What is a hurdy gurdy?
That was the question weighing on the minds of dozens of individuals as they made their way through the Music Mall at the third annual Riverside Music Festival on Saturday at Riverside Inn. More precisely the question was, “What the heck is that thing?” said Brian McCoy, a music tech student at Kent State University at Stark, who was donning the oddly shaped stringed instrument.
Hundreds of music-goers were in attendance for the second day of the music festival early Saturday afternoon taking in all sorts of entertainment from impromptu performances inside the lobby and foyer to scheduled performances by popular area band Salmon Frank and crowd-stopper Adam Ezra Group. Then there was McCoy.
“I talked to him (Friday night) and I hung out with him for a while,” said Erie resident Scott Stanton. “I didn’t have my camera with me and took pictures with my cell phone. I wanted better quality pictures so I could show my son.
“I’ve never seen one of these before.”
Neither have many others.
A hurdy gurdy from a distance looks quite similar to a guitar, but close up it is anything but. The cumbersome instrument is equipped with strings like a guitar, but the sound is produced by a crank-turned wheel rubbing against those strings, not by a pick. It also features a keybox with keys arranged in a similar fashion as a piano, but much smaller.
It sounds quite similiar to a violin and can also produce a sound mirroring that of a bagpipe with the use of its drone strings.
“This has been wonderful,” said McCoy, 25, of Canton, Ohio. “It has been a really warm experience. It always great when you do something you love and people really grasp it and they embrace it themselves.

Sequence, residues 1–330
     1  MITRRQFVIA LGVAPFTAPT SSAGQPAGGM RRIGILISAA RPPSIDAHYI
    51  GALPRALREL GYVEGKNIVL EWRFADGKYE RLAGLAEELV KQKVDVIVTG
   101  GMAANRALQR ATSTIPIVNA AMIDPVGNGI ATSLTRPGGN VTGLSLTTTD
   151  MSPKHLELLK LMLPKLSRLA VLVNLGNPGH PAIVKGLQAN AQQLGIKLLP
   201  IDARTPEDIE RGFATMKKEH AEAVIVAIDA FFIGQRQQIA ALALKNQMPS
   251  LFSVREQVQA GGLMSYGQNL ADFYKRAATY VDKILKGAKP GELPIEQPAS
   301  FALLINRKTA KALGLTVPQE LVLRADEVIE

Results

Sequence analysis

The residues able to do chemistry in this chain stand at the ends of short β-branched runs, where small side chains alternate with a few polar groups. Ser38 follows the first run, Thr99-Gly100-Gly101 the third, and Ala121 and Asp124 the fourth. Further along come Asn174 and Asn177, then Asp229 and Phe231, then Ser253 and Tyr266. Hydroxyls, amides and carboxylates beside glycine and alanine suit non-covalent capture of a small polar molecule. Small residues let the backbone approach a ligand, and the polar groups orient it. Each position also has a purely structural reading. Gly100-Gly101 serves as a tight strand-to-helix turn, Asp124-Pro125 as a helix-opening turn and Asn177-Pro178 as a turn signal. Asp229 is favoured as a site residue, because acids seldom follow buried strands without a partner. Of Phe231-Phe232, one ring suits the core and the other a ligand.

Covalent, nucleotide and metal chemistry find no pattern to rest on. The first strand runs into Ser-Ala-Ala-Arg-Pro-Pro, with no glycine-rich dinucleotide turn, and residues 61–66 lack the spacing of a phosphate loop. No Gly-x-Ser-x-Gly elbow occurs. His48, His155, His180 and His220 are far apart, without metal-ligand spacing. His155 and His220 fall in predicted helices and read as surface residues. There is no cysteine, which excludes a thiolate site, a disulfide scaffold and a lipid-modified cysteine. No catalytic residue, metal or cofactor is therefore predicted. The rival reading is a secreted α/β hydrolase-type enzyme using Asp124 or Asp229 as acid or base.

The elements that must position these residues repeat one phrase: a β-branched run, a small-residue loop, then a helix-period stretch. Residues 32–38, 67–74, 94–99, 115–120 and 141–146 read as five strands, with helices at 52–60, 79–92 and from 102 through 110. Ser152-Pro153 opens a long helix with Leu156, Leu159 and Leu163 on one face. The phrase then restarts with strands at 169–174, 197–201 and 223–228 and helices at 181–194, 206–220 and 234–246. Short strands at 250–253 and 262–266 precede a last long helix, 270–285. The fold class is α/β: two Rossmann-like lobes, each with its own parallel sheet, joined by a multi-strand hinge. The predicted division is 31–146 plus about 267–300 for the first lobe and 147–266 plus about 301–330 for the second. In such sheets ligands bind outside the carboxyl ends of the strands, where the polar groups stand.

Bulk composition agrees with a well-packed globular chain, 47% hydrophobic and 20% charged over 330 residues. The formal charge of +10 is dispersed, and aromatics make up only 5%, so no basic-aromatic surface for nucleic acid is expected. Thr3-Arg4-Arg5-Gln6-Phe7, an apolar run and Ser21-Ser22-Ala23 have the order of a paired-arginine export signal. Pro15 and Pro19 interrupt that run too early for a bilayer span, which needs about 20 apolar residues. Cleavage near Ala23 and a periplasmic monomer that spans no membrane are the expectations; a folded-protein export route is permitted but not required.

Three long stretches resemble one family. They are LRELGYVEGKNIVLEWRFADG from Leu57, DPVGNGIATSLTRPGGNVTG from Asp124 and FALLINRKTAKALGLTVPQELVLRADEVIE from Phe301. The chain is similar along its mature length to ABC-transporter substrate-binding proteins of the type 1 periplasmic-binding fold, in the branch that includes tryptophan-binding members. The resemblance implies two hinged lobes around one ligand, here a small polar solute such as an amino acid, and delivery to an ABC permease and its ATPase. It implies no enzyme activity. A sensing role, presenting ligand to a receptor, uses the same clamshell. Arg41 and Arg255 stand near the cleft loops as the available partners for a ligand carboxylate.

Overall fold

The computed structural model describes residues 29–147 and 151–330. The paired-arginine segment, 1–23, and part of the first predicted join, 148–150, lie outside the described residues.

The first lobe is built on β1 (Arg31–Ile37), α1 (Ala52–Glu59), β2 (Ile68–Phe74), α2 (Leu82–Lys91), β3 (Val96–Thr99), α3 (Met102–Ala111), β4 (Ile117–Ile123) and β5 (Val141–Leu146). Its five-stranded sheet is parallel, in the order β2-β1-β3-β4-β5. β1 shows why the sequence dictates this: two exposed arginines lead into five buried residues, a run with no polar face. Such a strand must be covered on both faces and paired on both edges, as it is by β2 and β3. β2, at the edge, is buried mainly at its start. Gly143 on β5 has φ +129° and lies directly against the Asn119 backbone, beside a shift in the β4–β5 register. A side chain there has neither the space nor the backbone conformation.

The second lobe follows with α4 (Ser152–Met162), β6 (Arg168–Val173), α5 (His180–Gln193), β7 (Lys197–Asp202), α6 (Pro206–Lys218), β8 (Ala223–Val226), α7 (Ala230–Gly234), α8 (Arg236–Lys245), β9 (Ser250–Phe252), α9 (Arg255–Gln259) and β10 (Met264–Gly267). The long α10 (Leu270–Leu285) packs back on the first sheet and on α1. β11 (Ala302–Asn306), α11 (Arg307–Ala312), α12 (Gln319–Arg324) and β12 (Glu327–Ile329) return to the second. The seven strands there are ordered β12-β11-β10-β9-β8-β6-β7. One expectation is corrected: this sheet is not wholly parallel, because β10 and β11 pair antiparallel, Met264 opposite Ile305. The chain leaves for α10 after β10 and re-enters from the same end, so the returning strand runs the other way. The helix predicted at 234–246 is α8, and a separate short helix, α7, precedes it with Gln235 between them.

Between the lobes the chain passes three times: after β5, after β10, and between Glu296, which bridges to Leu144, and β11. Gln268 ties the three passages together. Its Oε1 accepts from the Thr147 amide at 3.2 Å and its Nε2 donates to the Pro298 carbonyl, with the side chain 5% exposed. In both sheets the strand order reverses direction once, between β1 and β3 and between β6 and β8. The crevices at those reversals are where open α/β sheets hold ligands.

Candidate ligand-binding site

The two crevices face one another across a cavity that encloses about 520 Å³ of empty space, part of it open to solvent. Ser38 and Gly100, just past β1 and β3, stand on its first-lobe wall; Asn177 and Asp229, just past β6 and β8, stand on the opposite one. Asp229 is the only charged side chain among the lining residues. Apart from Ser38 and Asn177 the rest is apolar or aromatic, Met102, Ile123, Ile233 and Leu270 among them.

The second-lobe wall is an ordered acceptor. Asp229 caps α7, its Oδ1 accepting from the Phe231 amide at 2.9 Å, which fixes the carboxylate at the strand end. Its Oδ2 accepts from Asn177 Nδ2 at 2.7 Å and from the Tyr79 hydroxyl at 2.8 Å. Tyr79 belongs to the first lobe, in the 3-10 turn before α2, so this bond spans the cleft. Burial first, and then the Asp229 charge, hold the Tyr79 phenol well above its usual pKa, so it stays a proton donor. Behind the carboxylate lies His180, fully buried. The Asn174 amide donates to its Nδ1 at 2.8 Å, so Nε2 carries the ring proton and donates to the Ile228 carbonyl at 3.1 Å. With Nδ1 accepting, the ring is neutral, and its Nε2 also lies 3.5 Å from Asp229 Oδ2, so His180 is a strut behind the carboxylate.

“It’s just great. People are really into the hurdy gurdy. I’ve talked to so many people.”
McCoy said the hurdy gurdy isn’t very popular in the United States, particularly among young musicians. It’s events like the music festival, though, that he hopes will help bring “wurd to the gurd,” he said, prompting laughter from a small crowd that gathered around him.
McCoy also performed Friday and Saturday with his hurdy gurdy using a loop machine.
“I don’t think anyone else does it the way he does,” Stanton said.
McCoy was one of the new faces of the music festival, which organizer Justin Moyar said continues to grow. Moyar said attendance on Friday night doubled, if not tripled, last year’s total thanks in large part to the appearance of grammy award-winning and Rock and Roll Hall of Famer Bernie Worrell and the Bernie Worrell Orchestra.
“It was standing room only in here (Friday),” Moyar said. “Everybody was dancing and having a good time.”
Saturday’s crowd also appeared much larger than a year ago, though Moyar did not have any definitive numbers.
The festival continues today at Riverside Inn beginning at noon. Admission is free.
What is a hurdy gurdy?
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